Louise spent her early years in a logging camp on Vancouver Island where her father was the school teacher. She moved to Vancouver along with her sisters Sandra and Kathy and her brother Ross when her mother Eila Lamb decided to get a teaching certificate. Her father Charles Lamb remained behind but died during that year.
Louise completed her schooling in Vancouver and did one year of fine arts at UBC before moving to Winnipeg when her mother got a teaching position at the University of Manitoba. She completed her BA and LLB degrees at the University of Manitoba.
Louise was in private practice for a number of years and spent several years with the federal Department of Justice before retiring in 2004. While she took on a number of significant cases, she was proudest of what she had accomplished with one in particular. It was a medical malpractice case involving a child who had been rendered quadriplegic at birth by the misapplication of forceps. Her involvement had many serendipitous elements. It started with a family member approaching the office of Melvin Belli (known to some of his detractors in the insurance industry as Melvin Bellicose) in San Francisco. The firm could not take on the case but gave the names of two lawyers in Winnipeg who were members of the American Trial Lawyers Association, one of whom was Louise.
The serendipity didn’t stop there. She made a cold call to the doctor who had treated the actor Christopher Reeve after his riding accident and was able to get his informal assistance. While the case was long and arduous and involved a number of experts both in Canada and the US, the key to the whole case was provided by a Brazilian doctor she knew who was practicing in New York. He had been present at the child’s birth as an intern in Winnipeg. In one phone conversation he simply asked whether or not the bone scans had been developed. Upon inquiry, it turned out that they hadn’t! Suddenly the case went from going to trial and was instead resolved through negotiation where a settlement was reached that provided support for the family.
A side benefit of the case was that a team of doctors came to Manitoba to demonstrate a new mechanical device that more effectively cleared the lungs. It was eventually adopted in Manitoba but not without some initial pushback.
When the collective hubris of the American financial system precipitated the Global Financial Crisis in 2008, Louise was worried about the potential financial impact on her family. She enrolled in and completed the ESL Teacher Certificate Program at the University of Winnipeg. Paid employment proved not to be necessary but she put her newly acquired skills to good use by volunteering in several language programs for recently arrived immigrants and refugees.
Louise maintained an interest in the arts throughout her life. She took adult art classes both here and in Banff. She continued to produce art whenever she had time. She also loved the opera and attended regularly. Along with her mother, she also watched the Lawrence Welk show. Who would have imagined that Prairie Public would keep a show on the air for an audience of two?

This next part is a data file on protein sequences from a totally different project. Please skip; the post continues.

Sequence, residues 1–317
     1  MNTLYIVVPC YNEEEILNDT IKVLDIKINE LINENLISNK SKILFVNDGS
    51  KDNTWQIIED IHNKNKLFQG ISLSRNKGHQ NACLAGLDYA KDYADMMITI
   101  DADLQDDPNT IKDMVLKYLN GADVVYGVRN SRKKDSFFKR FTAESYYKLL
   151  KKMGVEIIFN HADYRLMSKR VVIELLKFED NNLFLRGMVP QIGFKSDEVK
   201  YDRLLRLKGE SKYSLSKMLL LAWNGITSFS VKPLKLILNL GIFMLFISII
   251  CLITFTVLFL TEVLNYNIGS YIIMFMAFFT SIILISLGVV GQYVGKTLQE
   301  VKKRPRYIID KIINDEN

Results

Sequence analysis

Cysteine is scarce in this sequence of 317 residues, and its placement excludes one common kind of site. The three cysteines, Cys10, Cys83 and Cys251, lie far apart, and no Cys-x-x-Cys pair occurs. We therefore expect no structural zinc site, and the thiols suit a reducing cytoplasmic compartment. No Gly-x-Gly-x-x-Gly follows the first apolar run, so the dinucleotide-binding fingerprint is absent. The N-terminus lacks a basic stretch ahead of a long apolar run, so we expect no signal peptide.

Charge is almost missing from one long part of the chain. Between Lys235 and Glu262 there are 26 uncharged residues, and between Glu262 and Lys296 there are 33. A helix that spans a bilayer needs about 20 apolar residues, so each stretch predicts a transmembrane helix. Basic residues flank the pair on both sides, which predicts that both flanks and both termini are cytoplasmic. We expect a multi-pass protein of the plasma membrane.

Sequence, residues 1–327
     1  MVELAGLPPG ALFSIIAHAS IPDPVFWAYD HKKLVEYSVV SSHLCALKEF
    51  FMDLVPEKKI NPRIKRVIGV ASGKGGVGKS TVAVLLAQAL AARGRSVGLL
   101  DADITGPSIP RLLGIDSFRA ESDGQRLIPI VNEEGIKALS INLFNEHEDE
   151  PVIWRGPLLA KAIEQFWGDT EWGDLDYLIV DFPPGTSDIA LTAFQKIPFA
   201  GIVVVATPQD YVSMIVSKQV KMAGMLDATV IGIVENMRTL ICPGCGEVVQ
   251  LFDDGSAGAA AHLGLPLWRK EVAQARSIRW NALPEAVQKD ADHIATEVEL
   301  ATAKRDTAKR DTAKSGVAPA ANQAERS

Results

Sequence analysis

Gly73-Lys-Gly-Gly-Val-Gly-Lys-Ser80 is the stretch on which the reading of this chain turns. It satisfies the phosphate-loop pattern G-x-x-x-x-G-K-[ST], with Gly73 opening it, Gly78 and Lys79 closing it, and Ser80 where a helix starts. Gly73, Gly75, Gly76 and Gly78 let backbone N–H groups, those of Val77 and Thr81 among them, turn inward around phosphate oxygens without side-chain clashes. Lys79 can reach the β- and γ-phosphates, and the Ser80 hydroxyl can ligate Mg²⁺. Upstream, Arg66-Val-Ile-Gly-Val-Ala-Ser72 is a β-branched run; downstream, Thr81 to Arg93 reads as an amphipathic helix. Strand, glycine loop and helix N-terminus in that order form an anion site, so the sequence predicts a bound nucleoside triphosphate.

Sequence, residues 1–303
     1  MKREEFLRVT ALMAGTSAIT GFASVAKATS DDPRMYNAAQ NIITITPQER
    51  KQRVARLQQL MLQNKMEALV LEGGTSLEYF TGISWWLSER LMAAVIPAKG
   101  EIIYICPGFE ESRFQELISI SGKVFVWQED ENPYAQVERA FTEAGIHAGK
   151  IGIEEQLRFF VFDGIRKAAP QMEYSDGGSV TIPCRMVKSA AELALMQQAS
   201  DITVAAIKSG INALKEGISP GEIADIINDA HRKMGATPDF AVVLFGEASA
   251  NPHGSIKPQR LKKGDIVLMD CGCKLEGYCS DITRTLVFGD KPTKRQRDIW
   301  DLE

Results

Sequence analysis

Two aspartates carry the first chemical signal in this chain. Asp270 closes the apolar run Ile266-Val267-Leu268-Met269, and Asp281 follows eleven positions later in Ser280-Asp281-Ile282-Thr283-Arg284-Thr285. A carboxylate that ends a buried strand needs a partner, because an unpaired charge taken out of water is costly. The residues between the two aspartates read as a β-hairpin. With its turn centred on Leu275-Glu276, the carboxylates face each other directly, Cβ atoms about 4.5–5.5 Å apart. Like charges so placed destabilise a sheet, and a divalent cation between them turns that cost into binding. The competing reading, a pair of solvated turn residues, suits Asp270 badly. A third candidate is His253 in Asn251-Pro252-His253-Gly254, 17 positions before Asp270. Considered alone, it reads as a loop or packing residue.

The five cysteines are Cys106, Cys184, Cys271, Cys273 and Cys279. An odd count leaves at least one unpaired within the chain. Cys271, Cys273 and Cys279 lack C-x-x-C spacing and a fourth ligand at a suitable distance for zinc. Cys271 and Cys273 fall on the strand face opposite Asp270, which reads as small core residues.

Louise kept fit by doing yoga regularly, going for regular walks and attending aquacise classes at the Sherbrook Pool. When the city announced that the pool would not receive the necessary repairs and would be closed instead, she, along with several others, mounted a vigorous campaign to save the pool and succeeded in getting the city to reverse its position.
She loved to travel, going to countries in Europe along the Rhine and Danube Rivers, several countries in the West Indies including Cuba, as well as Australia and Japan, and to Ireland and the UK on several occasions. She even went to Pakistan for a conference on women’s issues. The latter trip was in connection with her involvement in NAWL—the National Association of Women and the Law. More than anything, she longed to resume travel once the pandemic was over and it was safe to do so.
Louise was not religious in the conventional denominational sense but nurtured her spiritual beliefs by attending meditation retreats here in Winnipeg, at the Lotus Meditation Center in Grand Forks, ND and at the Blue Mountain Center of Meditation in California.
She leaves her husband of 38 years Norman Mayer, son Calvin Mayer, daughter Emma Mayer (Mitch) and her brother Ross Lamb and his family. Her mother Eila Lamb (Tonning) predeceased her by several months. Her sisters Kathy and Sandra each predeceased her by a number of years.
When she was presented with the two options of ongoing treatment that would have left her bed-ridden or an indeterminate period of palliative care, she chose MAID instead. She passed away June 24 after a year-long battle with leukemia. The family would like to thank the MAID staff for their sensitive and compassionate approach, not only to Louise but also to her family.
The family would also like to extend their thanks to the staff at Cancer Care Manitoba and GD6 in the Health Sciences Centre. We are grateful for the kind, competent and compassionate care that she received. Those wishing to honour Louise’s memory are encouraged to make a donation to Cancer Care Manitoba Foundation or her favourite charity the Winnipeg Pet Rescue Shelter.
A memorial service is planned for a later date. Service details will be posted on this tribute page once they are finalized.
We understand that there are many questions that arise when a death occurs. We are available 24 hours a day, seven days a week to answer questions you may have and provide direction. Please call us if you require immediate assistance.